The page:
There is much that is interesting in Anthony Burke's essay. Unfortunately, Burke is unable to resist hyperbolic language and too readily substitutes rhetorical onslaught for compelling argument. For example, those he criticizes as being neo-imperialists in liberal internationalist clothing are many times over said to present “disturbing” or “disturbing indeed” arguments. We are told that liberty is a “hermaphrodite”; that the war on terrorism constitutes “the democracy that slaughters, the liberator that tortures” (p. 73), as if Abu Ghraib is standard policy rather than aberration and the deaths of civilians intentional rather than a tragic unintended consequence of fighting. Burke's opponents, he says, deploy “notoriously vague” and “fear-soaked rhetoric” as they “scandalously” mimic the ICISS report's title (p. 76). Citing Jürgen Habermas, he calls the war against Saddam Hussein an “unimaginable break” with existing norms (pp. 75, 76). This suggests that there are “imaginable breaks,” but we do not know anything about the criteria he is applying. Reserving sunny language for his own proposed alternatives, Burke blasts the idea of state sovereignty itself as “violent and exclusivist,” and “linger[ing], like a latent illness, in the very depths of modern cosmopolitanism” (p. 74). These excesses are distracting and cloud the observations in his essay that are perceptive and deserve serious consideration.
In his 2000 best seller Bowling Alone: The Collapse and Revival of American Civic Community, Robert Putnam analyzed the links between social capital and civic engagement. Lamenting the decline of “civic America,” he called for a Tocquevillean renewal of voluntary association in the United States. In American Grace, Putnam and coauthor David Campbell—who also helped with the preparation of Bowling Alone—return to the analysis of American civil society, focusing their attention on America's changing religious landscape and its implications for democracy. Their basic argument is that while the United States is religiously diverse and pluralistic to a profound degree, and while in recent years it has witnessed growing religious polarization, it has also succeeded in muting religious tensions and hostilities. As they conclude: “How has America solved the puzzle of religious pluralism—the coexistence of religious diversity and devotion? And how has it done so in the wake of growing religious polarization? By creating a web of interlocking personal relationships among people of many different faiths. This is America's grace” (p. 550).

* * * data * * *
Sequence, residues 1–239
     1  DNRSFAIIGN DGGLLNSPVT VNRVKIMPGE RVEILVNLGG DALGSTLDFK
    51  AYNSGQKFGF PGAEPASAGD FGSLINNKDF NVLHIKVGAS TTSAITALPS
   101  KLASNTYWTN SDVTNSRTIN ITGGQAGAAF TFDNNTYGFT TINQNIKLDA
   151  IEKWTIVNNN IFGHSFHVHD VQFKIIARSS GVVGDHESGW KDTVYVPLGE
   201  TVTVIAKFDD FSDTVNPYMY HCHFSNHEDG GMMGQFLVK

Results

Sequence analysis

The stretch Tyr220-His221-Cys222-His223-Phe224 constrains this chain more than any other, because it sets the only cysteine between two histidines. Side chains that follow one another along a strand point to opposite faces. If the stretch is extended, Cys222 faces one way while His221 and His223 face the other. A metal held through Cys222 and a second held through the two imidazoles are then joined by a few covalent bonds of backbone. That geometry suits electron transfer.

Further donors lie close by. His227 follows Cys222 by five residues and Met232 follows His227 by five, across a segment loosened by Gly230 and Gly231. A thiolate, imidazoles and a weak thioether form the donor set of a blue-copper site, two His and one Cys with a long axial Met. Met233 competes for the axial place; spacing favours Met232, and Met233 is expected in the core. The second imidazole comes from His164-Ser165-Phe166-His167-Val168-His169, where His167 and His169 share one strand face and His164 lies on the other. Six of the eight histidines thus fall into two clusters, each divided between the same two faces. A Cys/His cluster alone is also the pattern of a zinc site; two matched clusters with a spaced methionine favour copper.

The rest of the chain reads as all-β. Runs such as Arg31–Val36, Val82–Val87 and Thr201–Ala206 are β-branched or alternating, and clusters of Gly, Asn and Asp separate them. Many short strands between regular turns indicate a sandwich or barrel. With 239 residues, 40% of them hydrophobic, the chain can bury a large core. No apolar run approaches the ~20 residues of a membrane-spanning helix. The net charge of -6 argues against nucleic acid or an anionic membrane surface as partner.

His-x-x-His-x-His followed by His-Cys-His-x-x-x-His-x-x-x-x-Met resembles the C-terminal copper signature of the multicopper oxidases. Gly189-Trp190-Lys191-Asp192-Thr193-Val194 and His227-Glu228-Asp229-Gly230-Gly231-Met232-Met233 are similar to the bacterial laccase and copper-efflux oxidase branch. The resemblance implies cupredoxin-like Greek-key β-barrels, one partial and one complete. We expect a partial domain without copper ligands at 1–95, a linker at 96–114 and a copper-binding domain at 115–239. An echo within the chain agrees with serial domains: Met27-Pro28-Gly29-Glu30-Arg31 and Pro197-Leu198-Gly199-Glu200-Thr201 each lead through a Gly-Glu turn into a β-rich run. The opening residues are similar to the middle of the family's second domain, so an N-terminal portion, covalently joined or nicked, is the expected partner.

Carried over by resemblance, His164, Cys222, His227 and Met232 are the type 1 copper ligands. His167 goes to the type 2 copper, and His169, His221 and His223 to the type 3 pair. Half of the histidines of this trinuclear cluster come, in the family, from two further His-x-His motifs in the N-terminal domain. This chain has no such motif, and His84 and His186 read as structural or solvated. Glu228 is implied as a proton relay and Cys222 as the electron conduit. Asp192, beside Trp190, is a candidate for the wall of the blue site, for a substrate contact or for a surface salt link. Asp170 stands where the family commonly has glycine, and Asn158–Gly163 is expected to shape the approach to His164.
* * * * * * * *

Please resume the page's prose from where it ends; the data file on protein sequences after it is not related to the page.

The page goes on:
Given the importance of religion in American life and the influence of Putnam's broad agenda on much current social science research on social capital and civic engagement, we have decided to organize a symposium around the book, centered on three questions: 1) How is American Grace related to Putnam's earlier work, particularly Bowling Alone, and what are the implications of the continuities and/or discontinuities between these works? 2) What kind of a work of political science is American Grace, and how does it compare to other important recent work dealing with religion and politics in the United States? 3) What are the strengths and weaknesses of Putnam and Campbell's account of “how religion divides and unites us,” and what is the best way of thinking about the contemporary significance of religion and politics in the United States and about the ways that the religious landscape challenges U.S. politics and U.S. political science?
Violence and Social Orders: A Conceptual Framework for Interpreting Recorded Human History (Cambridge 2009) offers a theory of the evolution of the modern state and an even more ambitious framework “for interpreting recorded human history.” The book raises fundamental questions about the political structuring of violence, the functions of the rule of law, and the establishment and maintenance of political order. In doing so, it speaks to a range of political scientists from a variety of methodological and subfield perspectives. We have thus invited four prominent political science scholars of violence and politics to comment on the book: Jack Snyder, Caroline Hartzell, Jean Bethke Elshtain, and Larry Diamond.
It is sometimes said that one person's ‘freedom fighter’ is another person's ‘terrorist’. This chapter argues that this is not the case: there are well-accepted and clear definitions of terrorism that preclude any such reductive and simplistic equation. After having defined terrorism in a manner generally accepted among serious scholars of the subject, this chapter argues that the just war tradition – often construed as a way of thinking and adjudicating that applies only to collisions between sovereign states – can be usefully applied to conflicts between states and those non-state entities that engage in the planned and intentional destruction of innocents. For, as I have argued elsewhere, just war is not just about war: it is also a way of thinking about politics and political life more generally. Sadly, much political commentary today appears to have lost a robust way in which to speak about politics of which war, in the traditional sense, is a subset. Refusing to think seriously about politics leads to such widely accepted nostrums as those that claim there are ‘root causes’ for terrorism and that unless these are solved or ameliorated, terrorism will flourish. This puts the cart before the horse. It is only after relative political stability, including bringing illegitimate violence to heel, is restored that social questions can be addressed meaningfully. Without a structure of political accountability there can be no meaningful tackling of social questions.